Impaired calcium homeostasis is associated with sudden cardiac death and arrhythmias in a genetic equivalent mouse model of the human HRC-Ser96Ala variant

Research output: Contribution to journalArticle


  • Christos Tzimas
  • Demetrio J. Santiago
  • Elizabeth Vafiadaki
  • Demetrios A. Arvanitis
  • Constantinos H. Davos
  • Aimilia Varela
  • Nikolaos C. Athanasiadis
  • Constantinos Dimitriou
  • Michalis Katsimpoulas
  • Stephan Sonntag
  • Mariya Kryzhanovska
  • Doron Shmerling
  • Stephan E. Lehnart
  • Karin R. Sipido
  • Evangelia G. Kranias
  • Despina Sanoudou

Colleges, School and Institutes


Aims: The histidine-rich calcium-binding protein (HRC) Ser96Ala variant has previously been identified as a potential biomarker for ventricular arrhythmias and sudden cardiac death in patients with idiopathic dilated cardiomyopathy. Herein, the role of this variant in cardiac pathophysiology is delineated through a novel mouse model, carrying the human mutation in the homologous mouse position.

Methods and results: The mouse HRC serine 81, homologous to human HRC serine 96, was mutated to alanine, using knock-in gene targeting. The HRC-Ser81Ala mice presented increased mortality in the absence of structural or histological abnormalities, indicating that early death may be arrhythmia-related. Indeed, under stress-but not baseline-conditions, the HRC-Ser81Ala mice developed ventricular arrhythmias, whilst at the cardiomyocyte level they exhibited increased occurrence of triggered activity. Cardiac contraction was decreased in vivo, ex vivo, and in vitro. Additionally, Ca2+ transients and SR Ca2+ load were both reduced suggesting that cytosolic Ca2+ overload is not the underlying proarrhythmic mechanism. Interestingly, total SR Ca2+ leak was increased in HRC-Ser81Ala cardiomyocytes, without an increase in Ca2+ spark and wave frequency. However, Ca2+ wave propagation was significantly slower and the duration of the associated Na/Ca exchange current was increased. Moreover, action potential duration was also increased. Notably, Ca2+/Calmodulin kinase II (CaMKII) phosphorylation of the ryanodine receptor was increased, whilst KN-93, an inhibitor of CaMKII, reduced the occurrence of arrhythmias.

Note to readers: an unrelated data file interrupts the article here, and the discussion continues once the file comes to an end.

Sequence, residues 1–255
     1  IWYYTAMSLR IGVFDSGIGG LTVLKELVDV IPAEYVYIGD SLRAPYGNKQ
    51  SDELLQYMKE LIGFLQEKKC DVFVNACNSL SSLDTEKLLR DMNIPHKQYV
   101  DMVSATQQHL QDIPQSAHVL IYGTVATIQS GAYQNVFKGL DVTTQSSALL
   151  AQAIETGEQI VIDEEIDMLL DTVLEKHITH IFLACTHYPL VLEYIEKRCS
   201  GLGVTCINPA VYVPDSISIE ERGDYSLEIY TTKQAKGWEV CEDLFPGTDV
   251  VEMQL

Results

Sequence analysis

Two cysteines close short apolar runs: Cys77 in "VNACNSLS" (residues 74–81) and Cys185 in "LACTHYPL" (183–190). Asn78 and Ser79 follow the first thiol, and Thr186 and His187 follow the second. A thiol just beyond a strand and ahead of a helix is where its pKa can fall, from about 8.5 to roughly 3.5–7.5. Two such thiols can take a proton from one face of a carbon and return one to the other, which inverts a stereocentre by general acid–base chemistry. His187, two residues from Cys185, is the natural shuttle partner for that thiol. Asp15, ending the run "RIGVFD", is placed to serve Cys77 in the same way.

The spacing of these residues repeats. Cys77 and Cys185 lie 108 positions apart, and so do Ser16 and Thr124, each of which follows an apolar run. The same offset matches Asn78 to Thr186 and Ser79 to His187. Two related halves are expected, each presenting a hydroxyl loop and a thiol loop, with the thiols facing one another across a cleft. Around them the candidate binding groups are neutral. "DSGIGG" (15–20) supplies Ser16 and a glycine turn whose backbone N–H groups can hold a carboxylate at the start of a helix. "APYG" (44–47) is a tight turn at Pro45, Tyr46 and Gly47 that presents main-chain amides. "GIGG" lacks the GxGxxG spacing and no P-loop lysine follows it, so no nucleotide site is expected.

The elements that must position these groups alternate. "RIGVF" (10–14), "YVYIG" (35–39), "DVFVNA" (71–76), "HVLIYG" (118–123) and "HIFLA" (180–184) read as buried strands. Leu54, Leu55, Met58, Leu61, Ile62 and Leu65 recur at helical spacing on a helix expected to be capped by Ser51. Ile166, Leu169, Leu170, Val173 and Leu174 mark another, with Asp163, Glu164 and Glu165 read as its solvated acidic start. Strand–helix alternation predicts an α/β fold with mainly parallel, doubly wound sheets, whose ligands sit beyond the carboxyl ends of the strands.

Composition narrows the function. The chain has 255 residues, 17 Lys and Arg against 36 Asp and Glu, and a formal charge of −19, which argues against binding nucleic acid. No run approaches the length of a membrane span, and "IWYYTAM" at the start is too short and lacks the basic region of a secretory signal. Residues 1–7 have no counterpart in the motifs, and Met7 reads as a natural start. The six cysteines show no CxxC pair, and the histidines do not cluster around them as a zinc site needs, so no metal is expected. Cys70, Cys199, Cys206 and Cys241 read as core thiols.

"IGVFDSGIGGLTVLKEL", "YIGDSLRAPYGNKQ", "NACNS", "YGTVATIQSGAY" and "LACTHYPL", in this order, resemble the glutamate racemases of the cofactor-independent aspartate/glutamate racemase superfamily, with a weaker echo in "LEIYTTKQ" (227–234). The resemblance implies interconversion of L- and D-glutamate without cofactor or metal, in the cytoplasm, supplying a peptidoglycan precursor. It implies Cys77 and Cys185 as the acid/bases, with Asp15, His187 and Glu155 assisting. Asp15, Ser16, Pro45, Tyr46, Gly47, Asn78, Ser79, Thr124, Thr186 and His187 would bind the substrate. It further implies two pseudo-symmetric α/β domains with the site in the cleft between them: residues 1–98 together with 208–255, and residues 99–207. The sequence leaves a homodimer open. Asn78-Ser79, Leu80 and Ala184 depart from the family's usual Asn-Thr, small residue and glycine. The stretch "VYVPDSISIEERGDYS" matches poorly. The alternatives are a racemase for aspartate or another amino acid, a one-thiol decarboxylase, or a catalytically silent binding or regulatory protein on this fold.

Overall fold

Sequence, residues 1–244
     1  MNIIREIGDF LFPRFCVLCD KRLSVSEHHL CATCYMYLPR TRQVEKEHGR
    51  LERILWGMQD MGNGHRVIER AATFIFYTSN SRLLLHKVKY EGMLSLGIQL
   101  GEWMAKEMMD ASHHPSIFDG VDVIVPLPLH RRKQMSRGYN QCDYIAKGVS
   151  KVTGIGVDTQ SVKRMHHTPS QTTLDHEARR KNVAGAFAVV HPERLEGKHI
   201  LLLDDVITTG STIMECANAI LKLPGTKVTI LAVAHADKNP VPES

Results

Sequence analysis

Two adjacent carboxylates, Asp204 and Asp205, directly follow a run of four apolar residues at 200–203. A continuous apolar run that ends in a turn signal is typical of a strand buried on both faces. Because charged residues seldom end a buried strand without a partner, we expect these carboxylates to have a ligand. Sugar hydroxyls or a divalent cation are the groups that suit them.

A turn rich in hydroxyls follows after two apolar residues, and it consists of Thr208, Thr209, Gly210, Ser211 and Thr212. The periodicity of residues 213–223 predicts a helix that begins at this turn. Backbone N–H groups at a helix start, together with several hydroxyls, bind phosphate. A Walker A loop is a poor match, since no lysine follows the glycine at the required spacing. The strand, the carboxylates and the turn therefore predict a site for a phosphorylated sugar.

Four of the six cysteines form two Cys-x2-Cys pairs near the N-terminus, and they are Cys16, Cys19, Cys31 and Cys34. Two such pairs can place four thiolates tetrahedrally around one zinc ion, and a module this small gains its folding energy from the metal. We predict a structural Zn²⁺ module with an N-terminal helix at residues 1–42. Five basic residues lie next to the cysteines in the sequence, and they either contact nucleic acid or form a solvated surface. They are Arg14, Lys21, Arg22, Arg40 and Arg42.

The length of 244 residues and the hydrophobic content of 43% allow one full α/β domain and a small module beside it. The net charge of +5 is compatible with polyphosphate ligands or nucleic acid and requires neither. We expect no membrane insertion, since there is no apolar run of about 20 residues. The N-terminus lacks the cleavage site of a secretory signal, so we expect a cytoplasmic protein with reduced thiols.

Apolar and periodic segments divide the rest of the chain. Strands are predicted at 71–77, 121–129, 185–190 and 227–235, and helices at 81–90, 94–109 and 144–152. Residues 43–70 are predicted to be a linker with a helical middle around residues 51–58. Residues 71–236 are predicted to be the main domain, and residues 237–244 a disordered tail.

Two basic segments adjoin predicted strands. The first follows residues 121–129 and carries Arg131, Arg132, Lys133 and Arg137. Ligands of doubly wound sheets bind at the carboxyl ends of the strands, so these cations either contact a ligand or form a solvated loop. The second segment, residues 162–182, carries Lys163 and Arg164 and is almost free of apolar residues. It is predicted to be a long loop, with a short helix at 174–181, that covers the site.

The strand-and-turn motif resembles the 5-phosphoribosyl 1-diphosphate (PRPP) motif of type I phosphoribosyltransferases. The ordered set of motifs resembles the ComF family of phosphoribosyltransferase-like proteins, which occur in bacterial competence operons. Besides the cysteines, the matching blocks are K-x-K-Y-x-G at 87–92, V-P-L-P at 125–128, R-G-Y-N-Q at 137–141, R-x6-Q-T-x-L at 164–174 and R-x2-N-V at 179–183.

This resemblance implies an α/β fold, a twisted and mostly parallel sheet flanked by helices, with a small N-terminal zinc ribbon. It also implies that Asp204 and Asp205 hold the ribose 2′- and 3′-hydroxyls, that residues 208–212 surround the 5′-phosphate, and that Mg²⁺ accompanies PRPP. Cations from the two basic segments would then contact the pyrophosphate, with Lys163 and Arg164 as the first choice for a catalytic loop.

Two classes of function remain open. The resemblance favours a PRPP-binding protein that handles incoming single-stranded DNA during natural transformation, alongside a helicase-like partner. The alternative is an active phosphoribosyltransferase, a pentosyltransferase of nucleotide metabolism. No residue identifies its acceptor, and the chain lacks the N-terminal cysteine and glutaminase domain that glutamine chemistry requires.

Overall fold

Conclusions: The homologous mutation Ser81Ala in HRC in mice, corresponding to Ser96Ala in humans, is associated with sudden death and depressed cardiac function. Ventricular arrhythmias are related to abnormal Ca2+ cycling across the SR. The data further support a role for CaMKII with the perspective to treat arrhythmias through CaMKII inhibition.


Original languageEnglish
Pages (from-to)1403-1417
JournalCardiovascular Research
Issue number11
Early online date1 Jul 2017
Publication statusPublished - 1 Sep 2017


  • arrhythmia, calcium, genetics, sarcoplasmic reticulum, histidine-rich calcium-binding protein